Prof. Reuven Amitai is Eliyahu Elath Professor for Muslim History at the Hebrew University of Jerusalem, and studies and teaches the history of the pre-modern Islamic world, specializing in the following fields: the coming of the Turks and Mongols to the Middle East, Muslim responses to the Crusades, the Mamluk Sultanate of Egypt and Syria, the Ilkhanate (the Mongol state in the Middle East), medieval Palestine, the military history of the medieval Middle East, and conversion to Islam. Born in Philadelphia, USA in 1955, Reuven Amitai has been living in Israel since 1976. He studied for his B.A. at the University of Pennsylvania in Philadelphia, his M.A. and Ph.D. (1990) at the Hebrew University of Jerusalem, and was a visiting post-graduate student at the School of Oriental and African Studies, the University of London, in 1985-86. He has been a visiting fellow at Princeton University (1990-91) and St. Antony’s College (1996-97) in Oxford, and has also been a visiting researcher at the Central Asian Seminar of the University of Bonn (November 2004), and a professeur invité at the l’Ecole Pratique des Hautes Etudes, Section des Sciences Religieuses, at the Sorbonne in Paris (2007). From 2104 to 2016 he was a senior fellow at the Annemarie Schimmel Kolleg: History and Society during the Mamluk Era (1250-1517), at the University of Bonn. In the Fall semester of 2019, he was Robert Lehman Visiting Professor at Villa I Tatti, the Harvard University Center for Italian Renaissance Studies in Florence, Italy.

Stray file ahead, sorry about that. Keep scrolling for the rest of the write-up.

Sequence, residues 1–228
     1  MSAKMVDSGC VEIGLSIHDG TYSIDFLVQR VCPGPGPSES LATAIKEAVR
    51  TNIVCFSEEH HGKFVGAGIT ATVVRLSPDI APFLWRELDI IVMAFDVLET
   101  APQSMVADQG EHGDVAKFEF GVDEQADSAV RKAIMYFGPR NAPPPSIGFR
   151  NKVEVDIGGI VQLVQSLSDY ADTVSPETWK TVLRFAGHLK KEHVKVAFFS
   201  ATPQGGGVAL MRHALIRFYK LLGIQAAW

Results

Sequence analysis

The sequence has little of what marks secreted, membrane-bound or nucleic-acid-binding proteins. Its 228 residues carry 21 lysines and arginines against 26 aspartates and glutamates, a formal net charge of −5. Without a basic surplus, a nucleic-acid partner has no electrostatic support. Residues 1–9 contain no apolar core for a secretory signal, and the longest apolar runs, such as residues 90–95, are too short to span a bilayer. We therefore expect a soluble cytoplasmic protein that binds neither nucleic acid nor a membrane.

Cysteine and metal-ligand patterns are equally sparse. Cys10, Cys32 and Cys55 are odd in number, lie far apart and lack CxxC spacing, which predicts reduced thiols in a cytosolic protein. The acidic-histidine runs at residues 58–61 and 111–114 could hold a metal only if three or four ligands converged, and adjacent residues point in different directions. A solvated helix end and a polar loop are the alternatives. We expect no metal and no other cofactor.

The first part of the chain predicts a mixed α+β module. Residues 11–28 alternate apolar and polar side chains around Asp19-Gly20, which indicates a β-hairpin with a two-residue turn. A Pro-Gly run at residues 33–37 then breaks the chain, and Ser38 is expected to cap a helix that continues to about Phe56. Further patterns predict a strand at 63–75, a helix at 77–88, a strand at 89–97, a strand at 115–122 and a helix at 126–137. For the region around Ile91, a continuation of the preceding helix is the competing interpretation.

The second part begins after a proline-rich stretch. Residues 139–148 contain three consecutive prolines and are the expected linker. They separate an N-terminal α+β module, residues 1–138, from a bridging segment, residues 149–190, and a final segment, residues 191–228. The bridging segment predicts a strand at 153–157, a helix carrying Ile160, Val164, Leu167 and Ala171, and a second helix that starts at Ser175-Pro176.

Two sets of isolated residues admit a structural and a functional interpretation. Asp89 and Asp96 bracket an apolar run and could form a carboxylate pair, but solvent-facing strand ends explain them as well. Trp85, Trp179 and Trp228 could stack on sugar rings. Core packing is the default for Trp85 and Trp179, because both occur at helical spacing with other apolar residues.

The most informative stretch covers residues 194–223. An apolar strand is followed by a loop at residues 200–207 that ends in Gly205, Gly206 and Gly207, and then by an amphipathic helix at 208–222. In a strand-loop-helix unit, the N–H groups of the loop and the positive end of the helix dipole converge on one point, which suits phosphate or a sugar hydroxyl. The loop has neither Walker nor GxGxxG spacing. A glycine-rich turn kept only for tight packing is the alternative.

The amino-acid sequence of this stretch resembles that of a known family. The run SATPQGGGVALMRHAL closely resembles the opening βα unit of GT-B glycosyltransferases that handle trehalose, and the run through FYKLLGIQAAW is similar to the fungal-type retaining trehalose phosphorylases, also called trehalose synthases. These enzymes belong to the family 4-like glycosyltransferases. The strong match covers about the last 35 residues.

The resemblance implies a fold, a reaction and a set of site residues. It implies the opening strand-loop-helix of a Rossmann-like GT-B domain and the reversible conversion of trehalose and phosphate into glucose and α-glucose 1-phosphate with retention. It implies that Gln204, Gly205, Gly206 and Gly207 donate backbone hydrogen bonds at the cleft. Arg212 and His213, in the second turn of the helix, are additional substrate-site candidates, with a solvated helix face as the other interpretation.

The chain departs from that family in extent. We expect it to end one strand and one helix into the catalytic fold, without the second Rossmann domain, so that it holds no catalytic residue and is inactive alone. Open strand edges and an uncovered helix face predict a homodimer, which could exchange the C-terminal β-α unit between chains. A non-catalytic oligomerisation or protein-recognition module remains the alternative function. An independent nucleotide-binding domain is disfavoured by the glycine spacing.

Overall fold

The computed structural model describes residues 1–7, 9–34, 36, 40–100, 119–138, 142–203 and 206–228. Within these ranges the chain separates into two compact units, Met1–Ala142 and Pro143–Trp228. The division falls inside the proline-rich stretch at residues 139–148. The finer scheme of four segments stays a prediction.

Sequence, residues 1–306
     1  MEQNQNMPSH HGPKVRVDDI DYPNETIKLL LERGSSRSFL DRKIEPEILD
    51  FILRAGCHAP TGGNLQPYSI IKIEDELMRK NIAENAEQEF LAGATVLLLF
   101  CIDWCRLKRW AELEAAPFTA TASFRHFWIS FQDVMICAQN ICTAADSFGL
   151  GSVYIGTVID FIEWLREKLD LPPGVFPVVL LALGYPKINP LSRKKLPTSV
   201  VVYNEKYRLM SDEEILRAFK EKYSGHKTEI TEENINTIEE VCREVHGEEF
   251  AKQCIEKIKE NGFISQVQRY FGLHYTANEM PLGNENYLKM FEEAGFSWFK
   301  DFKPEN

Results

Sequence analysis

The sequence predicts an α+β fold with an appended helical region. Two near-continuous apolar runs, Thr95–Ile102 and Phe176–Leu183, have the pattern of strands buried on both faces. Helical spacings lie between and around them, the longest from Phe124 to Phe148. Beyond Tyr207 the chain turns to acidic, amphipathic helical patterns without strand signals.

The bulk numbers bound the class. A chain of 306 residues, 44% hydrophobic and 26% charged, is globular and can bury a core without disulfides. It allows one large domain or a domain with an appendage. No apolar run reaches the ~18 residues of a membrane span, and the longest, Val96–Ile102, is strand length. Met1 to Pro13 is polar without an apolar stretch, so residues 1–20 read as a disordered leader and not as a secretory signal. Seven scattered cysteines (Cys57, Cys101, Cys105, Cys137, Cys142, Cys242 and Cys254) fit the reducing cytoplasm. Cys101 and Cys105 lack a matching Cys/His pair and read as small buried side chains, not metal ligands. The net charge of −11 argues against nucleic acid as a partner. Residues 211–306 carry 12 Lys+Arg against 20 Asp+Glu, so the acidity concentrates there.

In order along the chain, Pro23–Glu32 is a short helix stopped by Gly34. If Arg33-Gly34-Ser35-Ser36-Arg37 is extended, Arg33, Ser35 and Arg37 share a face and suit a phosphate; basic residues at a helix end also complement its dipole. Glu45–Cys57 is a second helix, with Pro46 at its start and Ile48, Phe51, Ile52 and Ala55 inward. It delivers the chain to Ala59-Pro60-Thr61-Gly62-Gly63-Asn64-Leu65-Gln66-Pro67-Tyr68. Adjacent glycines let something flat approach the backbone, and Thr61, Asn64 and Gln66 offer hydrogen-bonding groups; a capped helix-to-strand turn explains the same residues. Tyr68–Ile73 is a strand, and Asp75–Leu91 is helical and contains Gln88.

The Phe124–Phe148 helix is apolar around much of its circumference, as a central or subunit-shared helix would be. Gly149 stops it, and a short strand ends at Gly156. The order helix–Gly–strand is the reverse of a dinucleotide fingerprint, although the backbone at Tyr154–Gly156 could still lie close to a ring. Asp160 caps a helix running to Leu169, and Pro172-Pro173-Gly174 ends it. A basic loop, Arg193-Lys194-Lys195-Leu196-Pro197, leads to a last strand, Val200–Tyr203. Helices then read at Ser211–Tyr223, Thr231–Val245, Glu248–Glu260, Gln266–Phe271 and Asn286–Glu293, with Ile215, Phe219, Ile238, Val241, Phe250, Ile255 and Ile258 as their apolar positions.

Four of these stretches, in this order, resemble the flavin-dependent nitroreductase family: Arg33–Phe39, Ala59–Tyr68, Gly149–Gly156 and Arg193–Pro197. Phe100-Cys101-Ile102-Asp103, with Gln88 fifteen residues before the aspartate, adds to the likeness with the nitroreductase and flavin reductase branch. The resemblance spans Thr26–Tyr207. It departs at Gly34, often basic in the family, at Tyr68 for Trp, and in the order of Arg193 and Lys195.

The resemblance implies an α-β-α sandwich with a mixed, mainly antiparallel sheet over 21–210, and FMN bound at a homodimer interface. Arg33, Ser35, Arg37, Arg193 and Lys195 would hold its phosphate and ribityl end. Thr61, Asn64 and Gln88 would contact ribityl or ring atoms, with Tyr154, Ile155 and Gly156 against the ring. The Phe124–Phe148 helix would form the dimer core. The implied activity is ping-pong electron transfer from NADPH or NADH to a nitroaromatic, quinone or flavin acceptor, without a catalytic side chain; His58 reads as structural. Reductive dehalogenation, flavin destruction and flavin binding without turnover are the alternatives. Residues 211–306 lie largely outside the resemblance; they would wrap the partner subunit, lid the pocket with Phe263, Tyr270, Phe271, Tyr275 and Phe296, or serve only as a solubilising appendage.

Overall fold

Reuven Amitai has served as Head of the Department of Islamic and Middle Eastern Studies at the Hebrew University (1997-2001), was twice the director of the Institute of Asian and African Studies (2001-4, 2008-2010), and was also the founding Director of the Nehemia Levtzion Center for Islamic Studies at the Hebrew University (2004-2007). From 2010 to 2014, he was Dean of the Faculty of Humanities. He is currently the Chairperson of the Library Authority of the Hebrew University and the Academic Coordinator of the Program of Armenian Studies there. His publications in Mongols and Mamluks: The Mamluk-Ilkhanid War, 1260-1281 (Cambridge University Press, 1995; Mongolian translation, Ulaanbaatar, 2006), The Mongols in the Islamic Lands: Studies in the History of the Ilkhanate (“Variorum Collected Studies Series,” Ashgate, 2007), and Holy War and Rapprochement: Studies in the Relations between the Mamluk Sultanate and the Mongol Ilkhanate (1260-1335) (Brepols, 2013). He has co-edited The Mongol Empire and its Legacy (with David Morgan, Brill, 1999); Mongols, Turks and Others: Eurasian Nomads and Their Sedentary Neighbors (with Michal Biran, Brill, 2005); Nomads as Agents of Cultural Change: The Mongols and Their Eurasian Predecessors (with Michal Biran, University of Hawaii Press, 2015); Slavery and the Slave Trade in the Eastern Mediterranean, 11th to 15th Centuries (with Christoph Cluse, Brepols, 2017); The Mamluk Sultanate from the Perspective of Regional and World History: Economic, Social and Cultural Developments in an Era of Increasing International Interaction and Competition (with Stephan Conermann, V&R Unipress and University of Bonn Press, 2019. In addition, he has written more than ninety scholarly articles, as well as many dozens of book reviews and other shorter academic and popular pieces. Currently, he is working on a study of Syria and Palestine under the Mamluks (1260-1516).